I upgraded the audio system in my 2002 Land Rover Defender to a double DIN unit that has has Bluetooth connectivity and a useful hands free phone feature. The controls are mainly touchscreen and trying to stab your fingers in the correct area without taking your eyes off the road is impossible! Within a few weeks I bought a remote control and I find this much easier and safer to use.

  • Steve George says:

    Latest Mazda models have a touch screen that only works when the car is stationary with hand brake on or in park.
    Seems like a good idea to me.

  • peter fryer says:

    I hate touchscreens and they appear to hate me, or at least my fingertips as they refuse to acknowledge their existence. I also wonder what happens when you car automatically “updates” and the icons aren’t where they were yesterday?
    I also hate sticking cars together with glue, windscreens OK, wings maybe but chassis members NO. I imagine classic shows of the future where the electric OMG 3000 drives onto the field and slowly falls apart like a clowns car. The manufactures response will no doubt be “it had a design life of 15 years”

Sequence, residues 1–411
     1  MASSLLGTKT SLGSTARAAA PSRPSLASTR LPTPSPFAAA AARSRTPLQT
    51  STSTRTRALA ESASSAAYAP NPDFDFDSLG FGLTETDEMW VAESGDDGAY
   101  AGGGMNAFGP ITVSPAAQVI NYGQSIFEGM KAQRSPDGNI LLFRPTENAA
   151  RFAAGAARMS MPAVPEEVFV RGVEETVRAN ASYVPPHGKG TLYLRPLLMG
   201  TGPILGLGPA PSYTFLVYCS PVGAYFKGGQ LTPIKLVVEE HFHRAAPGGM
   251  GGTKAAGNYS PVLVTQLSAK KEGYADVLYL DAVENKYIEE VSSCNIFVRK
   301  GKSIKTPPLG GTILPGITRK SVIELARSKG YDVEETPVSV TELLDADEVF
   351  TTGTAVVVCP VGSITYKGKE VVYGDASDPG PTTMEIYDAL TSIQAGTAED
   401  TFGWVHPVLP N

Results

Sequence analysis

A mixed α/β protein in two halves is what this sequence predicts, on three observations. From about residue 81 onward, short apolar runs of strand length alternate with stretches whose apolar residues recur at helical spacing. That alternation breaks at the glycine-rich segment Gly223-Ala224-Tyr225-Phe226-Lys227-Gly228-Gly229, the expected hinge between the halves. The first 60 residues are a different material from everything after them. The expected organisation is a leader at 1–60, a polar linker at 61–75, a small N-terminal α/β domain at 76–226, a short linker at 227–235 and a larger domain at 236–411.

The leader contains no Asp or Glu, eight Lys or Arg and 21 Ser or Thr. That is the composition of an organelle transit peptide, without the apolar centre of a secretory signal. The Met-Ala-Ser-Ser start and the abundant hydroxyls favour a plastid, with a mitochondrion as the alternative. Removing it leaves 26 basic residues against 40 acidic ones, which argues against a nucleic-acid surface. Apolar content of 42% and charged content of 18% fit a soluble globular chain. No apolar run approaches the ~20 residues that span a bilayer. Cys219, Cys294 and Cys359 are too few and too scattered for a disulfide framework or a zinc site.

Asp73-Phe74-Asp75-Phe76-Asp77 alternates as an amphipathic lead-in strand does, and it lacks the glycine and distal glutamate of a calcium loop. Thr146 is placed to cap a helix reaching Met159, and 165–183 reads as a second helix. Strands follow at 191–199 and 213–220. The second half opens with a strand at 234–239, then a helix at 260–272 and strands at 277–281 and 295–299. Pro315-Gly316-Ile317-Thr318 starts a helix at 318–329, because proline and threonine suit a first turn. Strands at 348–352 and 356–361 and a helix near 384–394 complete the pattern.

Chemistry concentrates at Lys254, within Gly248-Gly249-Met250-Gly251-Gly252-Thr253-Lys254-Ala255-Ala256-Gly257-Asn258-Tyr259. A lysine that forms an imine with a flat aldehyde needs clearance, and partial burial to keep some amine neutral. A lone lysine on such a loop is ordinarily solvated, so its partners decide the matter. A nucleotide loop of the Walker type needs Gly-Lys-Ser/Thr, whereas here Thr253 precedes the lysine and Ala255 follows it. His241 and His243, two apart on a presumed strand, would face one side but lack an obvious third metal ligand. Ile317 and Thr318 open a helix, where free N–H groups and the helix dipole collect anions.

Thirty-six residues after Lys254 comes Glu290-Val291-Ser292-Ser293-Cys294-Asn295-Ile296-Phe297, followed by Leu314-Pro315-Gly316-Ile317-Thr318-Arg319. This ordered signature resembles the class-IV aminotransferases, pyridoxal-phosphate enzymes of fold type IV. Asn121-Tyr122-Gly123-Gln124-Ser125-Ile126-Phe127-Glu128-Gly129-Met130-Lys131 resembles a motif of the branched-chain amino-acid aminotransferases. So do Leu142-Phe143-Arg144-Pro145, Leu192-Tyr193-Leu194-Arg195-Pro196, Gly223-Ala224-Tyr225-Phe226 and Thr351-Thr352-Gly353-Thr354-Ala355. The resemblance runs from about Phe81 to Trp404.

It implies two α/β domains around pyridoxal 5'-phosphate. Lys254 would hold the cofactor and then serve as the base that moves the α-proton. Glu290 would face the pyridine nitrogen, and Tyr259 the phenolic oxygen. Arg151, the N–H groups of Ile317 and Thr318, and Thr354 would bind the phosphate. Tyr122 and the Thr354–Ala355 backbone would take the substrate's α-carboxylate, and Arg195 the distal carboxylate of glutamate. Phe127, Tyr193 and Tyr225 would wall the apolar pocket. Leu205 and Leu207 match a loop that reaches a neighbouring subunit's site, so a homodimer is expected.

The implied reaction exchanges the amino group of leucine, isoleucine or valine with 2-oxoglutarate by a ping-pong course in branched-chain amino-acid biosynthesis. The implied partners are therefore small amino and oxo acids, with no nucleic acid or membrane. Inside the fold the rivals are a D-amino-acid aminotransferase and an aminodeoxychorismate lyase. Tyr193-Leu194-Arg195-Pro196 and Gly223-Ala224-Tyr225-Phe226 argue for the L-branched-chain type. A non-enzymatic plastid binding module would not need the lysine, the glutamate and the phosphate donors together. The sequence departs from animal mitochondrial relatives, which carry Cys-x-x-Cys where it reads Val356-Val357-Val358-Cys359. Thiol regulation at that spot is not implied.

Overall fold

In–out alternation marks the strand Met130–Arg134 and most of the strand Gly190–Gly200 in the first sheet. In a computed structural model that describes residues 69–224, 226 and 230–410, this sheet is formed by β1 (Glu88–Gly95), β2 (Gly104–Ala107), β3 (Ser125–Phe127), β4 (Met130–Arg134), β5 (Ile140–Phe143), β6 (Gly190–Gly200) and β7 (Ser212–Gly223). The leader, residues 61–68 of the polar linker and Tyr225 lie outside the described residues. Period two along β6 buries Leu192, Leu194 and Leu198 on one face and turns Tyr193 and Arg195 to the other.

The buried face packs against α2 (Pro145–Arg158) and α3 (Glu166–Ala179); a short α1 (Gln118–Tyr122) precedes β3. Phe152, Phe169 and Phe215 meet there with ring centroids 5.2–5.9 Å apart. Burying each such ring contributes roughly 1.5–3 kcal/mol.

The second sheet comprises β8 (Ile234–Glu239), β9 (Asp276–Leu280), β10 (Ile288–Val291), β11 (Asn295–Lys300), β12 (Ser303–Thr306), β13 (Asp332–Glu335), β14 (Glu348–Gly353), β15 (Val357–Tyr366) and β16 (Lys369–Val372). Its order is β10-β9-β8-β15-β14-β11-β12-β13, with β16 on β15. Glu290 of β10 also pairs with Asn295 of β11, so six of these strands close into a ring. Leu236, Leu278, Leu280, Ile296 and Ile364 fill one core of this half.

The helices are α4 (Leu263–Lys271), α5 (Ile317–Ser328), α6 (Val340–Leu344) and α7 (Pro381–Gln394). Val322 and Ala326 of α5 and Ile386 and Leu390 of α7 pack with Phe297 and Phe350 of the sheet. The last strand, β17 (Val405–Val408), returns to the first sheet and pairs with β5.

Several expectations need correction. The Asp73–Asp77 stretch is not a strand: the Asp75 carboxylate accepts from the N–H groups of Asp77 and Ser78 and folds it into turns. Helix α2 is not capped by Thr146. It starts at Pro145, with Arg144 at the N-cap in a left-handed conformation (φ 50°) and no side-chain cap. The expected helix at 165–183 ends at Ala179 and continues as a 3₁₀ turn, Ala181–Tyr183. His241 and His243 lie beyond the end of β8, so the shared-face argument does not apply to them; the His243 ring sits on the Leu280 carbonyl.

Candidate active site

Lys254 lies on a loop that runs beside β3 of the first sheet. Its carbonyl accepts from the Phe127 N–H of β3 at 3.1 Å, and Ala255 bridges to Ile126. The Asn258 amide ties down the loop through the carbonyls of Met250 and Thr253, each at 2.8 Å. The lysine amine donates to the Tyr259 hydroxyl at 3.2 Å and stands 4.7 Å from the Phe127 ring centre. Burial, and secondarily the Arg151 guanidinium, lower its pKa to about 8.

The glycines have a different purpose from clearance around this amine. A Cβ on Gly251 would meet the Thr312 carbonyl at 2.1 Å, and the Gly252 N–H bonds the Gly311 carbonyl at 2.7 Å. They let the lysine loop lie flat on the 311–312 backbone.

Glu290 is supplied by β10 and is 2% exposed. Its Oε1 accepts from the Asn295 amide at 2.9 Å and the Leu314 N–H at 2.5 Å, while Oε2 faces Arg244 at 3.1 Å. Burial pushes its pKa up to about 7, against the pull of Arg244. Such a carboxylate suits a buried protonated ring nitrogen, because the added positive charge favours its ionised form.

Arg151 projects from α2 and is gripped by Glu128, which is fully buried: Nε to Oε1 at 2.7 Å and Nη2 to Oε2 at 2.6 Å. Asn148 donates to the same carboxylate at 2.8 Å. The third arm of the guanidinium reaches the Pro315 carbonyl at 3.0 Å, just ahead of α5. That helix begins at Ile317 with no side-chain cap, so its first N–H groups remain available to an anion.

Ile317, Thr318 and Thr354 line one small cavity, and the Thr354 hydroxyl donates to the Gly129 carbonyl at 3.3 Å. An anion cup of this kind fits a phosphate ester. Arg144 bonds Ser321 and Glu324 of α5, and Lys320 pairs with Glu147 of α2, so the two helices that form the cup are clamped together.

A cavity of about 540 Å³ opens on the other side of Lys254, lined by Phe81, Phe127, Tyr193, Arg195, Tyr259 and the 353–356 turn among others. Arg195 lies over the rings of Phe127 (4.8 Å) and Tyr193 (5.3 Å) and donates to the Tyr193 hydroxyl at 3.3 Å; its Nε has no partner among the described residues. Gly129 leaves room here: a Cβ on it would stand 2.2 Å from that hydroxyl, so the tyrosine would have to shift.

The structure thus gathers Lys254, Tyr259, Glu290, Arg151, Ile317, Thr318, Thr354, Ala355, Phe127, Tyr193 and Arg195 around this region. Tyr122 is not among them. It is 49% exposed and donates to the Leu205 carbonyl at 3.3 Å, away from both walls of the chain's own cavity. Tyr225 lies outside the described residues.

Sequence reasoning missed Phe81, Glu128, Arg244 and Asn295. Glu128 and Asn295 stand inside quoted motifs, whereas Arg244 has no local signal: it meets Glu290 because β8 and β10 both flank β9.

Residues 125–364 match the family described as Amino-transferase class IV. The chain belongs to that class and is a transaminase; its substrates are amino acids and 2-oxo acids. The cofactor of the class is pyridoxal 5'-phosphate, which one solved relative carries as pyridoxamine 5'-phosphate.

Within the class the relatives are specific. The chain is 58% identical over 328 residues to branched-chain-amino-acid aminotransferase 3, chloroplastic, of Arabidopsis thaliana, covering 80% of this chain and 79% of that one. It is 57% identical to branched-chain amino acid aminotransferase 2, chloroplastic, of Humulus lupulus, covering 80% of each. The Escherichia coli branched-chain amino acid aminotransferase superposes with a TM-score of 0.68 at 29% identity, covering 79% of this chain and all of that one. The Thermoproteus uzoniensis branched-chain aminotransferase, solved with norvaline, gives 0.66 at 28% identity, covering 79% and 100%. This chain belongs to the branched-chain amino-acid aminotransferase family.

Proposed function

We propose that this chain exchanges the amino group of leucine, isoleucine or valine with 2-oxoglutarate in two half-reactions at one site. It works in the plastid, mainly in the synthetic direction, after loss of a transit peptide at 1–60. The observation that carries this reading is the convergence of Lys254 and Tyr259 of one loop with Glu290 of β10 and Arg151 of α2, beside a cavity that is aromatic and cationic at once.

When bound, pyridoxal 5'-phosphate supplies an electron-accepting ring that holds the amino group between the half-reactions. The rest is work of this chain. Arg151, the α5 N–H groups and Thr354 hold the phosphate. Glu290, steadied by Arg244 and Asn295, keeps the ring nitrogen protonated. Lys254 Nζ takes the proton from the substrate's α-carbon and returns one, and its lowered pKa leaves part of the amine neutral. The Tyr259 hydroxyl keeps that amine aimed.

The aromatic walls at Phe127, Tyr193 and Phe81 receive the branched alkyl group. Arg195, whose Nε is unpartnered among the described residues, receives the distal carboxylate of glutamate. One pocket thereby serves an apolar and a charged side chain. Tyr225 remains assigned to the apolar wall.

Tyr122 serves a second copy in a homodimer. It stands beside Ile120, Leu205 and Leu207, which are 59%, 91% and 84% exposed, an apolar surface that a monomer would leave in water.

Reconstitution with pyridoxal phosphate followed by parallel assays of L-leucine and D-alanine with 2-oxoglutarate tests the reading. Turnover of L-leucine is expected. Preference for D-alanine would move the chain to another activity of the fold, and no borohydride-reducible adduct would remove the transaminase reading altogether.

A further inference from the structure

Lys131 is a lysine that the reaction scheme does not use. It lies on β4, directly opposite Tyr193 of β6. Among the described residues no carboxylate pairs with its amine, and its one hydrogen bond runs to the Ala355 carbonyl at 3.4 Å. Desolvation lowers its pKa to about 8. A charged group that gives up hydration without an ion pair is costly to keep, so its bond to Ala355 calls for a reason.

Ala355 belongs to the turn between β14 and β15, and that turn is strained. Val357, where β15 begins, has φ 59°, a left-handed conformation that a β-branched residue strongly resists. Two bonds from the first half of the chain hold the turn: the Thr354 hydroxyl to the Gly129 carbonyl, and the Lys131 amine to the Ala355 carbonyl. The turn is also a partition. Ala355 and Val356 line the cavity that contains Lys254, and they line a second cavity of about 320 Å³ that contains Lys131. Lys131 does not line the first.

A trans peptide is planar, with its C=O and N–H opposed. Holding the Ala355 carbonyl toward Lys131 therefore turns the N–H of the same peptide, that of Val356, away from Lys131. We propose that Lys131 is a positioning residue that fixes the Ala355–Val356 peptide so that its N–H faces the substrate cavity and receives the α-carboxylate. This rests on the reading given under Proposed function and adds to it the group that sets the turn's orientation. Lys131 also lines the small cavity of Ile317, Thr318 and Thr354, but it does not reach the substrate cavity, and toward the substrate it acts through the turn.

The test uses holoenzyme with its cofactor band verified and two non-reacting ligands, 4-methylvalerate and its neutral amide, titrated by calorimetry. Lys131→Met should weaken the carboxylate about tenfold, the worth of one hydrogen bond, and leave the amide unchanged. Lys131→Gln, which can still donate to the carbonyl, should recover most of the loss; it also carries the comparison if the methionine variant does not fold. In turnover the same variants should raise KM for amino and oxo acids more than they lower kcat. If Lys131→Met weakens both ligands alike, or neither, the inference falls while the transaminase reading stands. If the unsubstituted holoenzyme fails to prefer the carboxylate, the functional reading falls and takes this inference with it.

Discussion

• David Brown (no Aston Martin connection!) says:

    Don’t use/touch a mobile phone while driving but you can have a touch screen for a variety of functions within the car? Absolutely crazy. Why doesn’t the government ban them? Too much revenue from the wider automobile industry, of course.

  • Andy Gill says:

    It appears that the contributors to this debate ALL think touch screens are the devil’s work. Based on this alone, the government’s of the civilised world need to wake up and stop its seemingly never ending march.

  • Mike Holdsworth says:

    I am convinced that touch screens are a contributory item in motoring accidents. They are a distraction from the road ahead. Some, as in Tesla cars are huge and must be a major distraction. In someways they are worse than a mobile phone. Proper controls which in a familiar vehicle can be operated without looking at them are much safer. This obsession with Tec is taking away the joy of driving and is a real danger to motorists and other road users. I will never own a car which relies on touch screens to operate the vehicle.

  • Derek Renowden says:

    If you have an accident while you are looking at the touchscreen in the middle of the car , who is responsible ????? ,you or the manufacturer

  • James Mould says:

    It’s illegal to use a mobile phone whilst driving, so why is it regarded as acceptable to use a touchscreen on the move? The only safe way to use one is to park up in a safe place and use the touchscreen functions whilst stationery. Not rocket science, is it?!!